With SVG we've found the placement much more willing. We use background-size: cover and simply resize the element to ensure consistency across browsers.
8. Multi-colour icons.
Font icons are well known to have a single colour limitation. SVGs, on the other hand, can support multiple colours as well as gradients and other graphical features.
We have always had to support multi-colour icons for our maps and had previously used an additional PNG sprite alongside our icon font. As a result of the move to SVG we were able to delete this sprite which meant one less request for the user and one asset fewer to maintain.
Multi-colour font icons can be accomplished using icon layering.
It is significantly more challenging to do so successfully though: if positioning one glyph correctly cross-browser is tricky, it doesn't get easier with two.
9. SVGs allow us to use animation within our icons.
We haven't yet utilised this feature but is likely something we will look into now that we have made the jump.
10. It's always felt like a hack.
Through a combination of all of the above, using font-face for icons has always felt like a hack. It is a brilliant hack, no doubt, but it's still a different asset type masquerading and being manipulated into something greater.
What about the benefits of font-face?
Serving icons through font-face does have some benefits over SVG and we had to consider these in depth before making the transition. The most pertinent benefits for font-face are browser support and colour flexibility.
It's fair to say that it would have been considerably harder to tackle these problems without the great work already done by the filamentgroup on Grunticon.
The huge benefit to using an icon font is its flexibility. You have no limitation to the amount of colour variations and can easily switch it depending on the current state (:hover, :focus, .is-active etc.). This is a rare luxury and very useful for quick development. It was also the reason we resisted making the leap to SVG for so long.
There are a few solutions out there to provide this functionality although all of them have their own limitations (for now). We finally came up with a technique which we were pretty happy with and which toed the line between flexibility and resource size.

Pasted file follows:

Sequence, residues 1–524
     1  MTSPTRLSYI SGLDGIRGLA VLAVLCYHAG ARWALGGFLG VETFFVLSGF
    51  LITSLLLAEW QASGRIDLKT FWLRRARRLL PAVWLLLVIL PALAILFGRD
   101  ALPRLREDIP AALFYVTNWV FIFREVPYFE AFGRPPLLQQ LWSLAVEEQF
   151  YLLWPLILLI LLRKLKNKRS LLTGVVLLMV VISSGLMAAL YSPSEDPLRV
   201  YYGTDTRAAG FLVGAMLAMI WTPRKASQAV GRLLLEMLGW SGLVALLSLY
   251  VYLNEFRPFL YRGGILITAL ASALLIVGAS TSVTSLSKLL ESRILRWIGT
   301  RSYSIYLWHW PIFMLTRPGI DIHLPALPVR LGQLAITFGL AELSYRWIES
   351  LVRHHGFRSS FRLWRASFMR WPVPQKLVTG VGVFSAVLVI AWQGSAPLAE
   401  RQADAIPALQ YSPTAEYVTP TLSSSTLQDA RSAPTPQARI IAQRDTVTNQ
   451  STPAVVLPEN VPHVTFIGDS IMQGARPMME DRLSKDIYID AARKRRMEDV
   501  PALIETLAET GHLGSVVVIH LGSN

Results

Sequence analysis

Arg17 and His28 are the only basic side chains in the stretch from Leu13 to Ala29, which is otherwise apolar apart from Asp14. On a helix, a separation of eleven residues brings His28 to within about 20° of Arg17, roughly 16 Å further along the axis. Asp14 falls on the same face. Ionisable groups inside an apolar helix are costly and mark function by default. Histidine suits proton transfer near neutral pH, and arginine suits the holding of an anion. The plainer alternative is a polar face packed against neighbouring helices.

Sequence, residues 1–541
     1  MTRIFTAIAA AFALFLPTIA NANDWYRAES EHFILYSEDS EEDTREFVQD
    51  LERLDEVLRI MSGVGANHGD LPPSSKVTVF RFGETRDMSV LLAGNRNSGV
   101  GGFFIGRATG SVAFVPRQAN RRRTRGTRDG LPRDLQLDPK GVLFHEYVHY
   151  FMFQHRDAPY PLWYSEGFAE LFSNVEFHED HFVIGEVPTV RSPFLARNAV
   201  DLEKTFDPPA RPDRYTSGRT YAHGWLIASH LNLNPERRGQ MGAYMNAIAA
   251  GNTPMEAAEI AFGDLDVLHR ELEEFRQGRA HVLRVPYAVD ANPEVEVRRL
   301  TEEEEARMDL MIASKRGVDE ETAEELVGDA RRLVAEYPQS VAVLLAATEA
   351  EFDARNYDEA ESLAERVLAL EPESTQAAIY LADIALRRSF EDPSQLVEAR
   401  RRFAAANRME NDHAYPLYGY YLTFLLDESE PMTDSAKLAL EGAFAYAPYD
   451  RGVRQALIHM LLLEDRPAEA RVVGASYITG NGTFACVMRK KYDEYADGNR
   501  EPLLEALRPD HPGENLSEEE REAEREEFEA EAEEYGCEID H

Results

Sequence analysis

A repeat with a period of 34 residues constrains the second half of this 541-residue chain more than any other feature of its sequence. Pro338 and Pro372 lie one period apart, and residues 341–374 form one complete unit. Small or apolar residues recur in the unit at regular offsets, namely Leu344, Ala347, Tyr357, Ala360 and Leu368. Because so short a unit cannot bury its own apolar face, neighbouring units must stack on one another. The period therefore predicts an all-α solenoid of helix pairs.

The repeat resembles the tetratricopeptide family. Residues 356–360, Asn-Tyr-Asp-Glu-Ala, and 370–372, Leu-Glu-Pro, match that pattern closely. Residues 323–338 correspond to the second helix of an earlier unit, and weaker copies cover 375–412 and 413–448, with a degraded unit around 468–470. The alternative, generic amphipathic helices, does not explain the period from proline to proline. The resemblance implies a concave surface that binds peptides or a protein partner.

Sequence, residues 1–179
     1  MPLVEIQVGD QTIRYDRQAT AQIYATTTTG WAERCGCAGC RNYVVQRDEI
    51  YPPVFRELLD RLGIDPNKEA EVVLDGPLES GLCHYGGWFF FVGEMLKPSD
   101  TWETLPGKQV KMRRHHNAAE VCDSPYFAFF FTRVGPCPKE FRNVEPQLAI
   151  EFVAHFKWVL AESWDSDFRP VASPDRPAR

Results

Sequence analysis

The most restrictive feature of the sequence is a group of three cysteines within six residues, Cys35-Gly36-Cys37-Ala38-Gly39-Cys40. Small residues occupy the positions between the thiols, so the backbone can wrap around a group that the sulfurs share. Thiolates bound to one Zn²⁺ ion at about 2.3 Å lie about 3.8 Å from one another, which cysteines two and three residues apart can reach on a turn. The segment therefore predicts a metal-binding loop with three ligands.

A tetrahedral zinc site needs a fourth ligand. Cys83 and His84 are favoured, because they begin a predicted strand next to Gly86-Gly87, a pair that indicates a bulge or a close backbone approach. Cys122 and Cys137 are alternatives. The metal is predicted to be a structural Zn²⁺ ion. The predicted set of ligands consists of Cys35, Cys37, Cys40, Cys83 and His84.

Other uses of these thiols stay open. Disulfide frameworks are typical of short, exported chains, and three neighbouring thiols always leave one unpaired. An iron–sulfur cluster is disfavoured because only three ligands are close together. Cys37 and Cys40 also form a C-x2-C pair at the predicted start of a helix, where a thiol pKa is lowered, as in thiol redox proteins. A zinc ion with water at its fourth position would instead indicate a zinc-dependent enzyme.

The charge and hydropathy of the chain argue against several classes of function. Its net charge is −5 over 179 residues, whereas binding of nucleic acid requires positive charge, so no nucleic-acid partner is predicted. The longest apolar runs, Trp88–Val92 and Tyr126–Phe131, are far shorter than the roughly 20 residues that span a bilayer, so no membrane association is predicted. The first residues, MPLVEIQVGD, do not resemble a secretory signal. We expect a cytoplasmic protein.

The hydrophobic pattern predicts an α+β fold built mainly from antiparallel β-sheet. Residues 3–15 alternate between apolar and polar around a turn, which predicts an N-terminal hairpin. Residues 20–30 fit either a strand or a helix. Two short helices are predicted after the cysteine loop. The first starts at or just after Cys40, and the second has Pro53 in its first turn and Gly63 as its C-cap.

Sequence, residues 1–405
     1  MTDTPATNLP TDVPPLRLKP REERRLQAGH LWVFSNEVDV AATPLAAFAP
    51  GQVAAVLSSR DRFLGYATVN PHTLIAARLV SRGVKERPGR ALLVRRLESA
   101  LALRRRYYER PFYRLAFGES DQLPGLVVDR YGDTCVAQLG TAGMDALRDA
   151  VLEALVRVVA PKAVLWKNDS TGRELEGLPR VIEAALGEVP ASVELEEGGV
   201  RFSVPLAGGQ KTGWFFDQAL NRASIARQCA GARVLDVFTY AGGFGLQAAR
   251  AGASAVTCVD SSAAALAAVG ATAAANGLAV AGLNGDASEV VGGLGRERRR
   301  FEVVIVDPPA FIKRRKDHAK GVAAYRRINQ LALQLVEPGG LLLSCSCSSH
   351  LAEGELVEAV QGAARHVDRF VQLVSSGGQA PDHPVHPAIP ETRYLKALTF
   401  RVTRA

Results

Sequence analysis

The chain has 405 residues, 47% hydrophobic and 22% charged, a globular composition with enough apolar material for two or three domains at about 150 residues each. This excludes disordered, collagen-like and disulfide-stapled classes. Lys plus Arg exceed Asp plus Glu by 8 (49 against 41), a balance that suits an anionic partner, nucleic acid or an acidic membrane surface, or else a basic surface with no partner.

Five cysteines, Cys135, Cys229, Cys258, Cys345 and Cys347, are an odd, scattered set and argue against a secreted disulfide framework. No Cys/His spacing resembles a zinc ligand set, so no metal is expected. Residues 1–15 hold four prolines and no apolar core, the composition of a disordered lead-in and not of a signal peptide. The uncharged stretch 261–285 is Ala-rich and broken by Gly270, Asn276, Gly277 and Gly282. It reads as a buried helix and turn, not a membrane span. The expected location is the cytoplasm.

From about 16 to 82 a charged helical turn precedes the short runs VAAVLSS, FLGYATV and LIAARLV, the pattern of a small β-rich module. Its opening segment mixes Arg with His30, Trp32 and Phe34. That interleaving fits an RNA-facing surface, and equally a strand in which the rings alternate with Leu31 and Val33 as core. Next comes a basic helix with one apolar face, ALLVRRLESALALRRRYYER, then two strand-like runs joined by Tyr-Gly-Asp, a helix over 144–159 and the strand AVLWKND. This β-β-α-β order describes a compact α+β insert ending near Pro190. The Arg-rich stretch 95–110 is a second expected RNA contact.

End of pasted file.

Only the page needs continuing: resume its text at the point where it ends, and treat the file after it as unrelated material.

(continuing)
Grunticon is designed to declare each icon individually, thus avoiding having to use sprites. We followed suit with this approach but, although we had one css selector per icon, we served each icon in six different colours as shown here.
As we were just duplicating the same icon multiple times within the same file, it compressed down to the size of just one icon (plus around 50 bytes for gzip pointers). This meant that we could have n colour variations for each icon at almost no cost. Here's a jsFiddle showing how this technique works.
With this solution we had the flexibility back that we thought we would miss. By taking away total flexibility it also brought the added benefit of reinforcing colour palette consistency, something that had gradually been lost from our font icon implementation.
With this technique it is also easy to apply state-based changes to the icons by updating their background position.
It's worth mentioning that in the future we may be able to remove the sprite altogether and use SVG Fragment Identifiers to change the colour.
Grunticon handles legacy support right out of the box. It will create PNG versions of your SVG files and serve them to legacy browsers depending on whether or not they have support for SVG.
We decided to serve just a subset of the icons (the critical ones, like the logo) to legacy browsers due to a lack of support for background-size. We could have avoided the need for this css property by resizing all the original SVG files but, as many of the icons are used at multiple sizes, we preferred to serve just the critical icons and keep them consistent within the sprite.
We also tried using this background-size polyfill but quickly abandoned it. I would definitely recommend avoiding this if you have more than one or two images you need to resize. We found that more than two caused IE8 to crash consistently.
Was it worth it?
Both techniques are resolution independent, scalable and fairly lightweight so if you are using either it is good for the user. We felt that on balance SVGs gave us more confidence in how our application would appear to each user and that extra element of control was ultimately what it came down to.
SVGs have been live on Lonely Planet since November 2013 and development has been painless so far.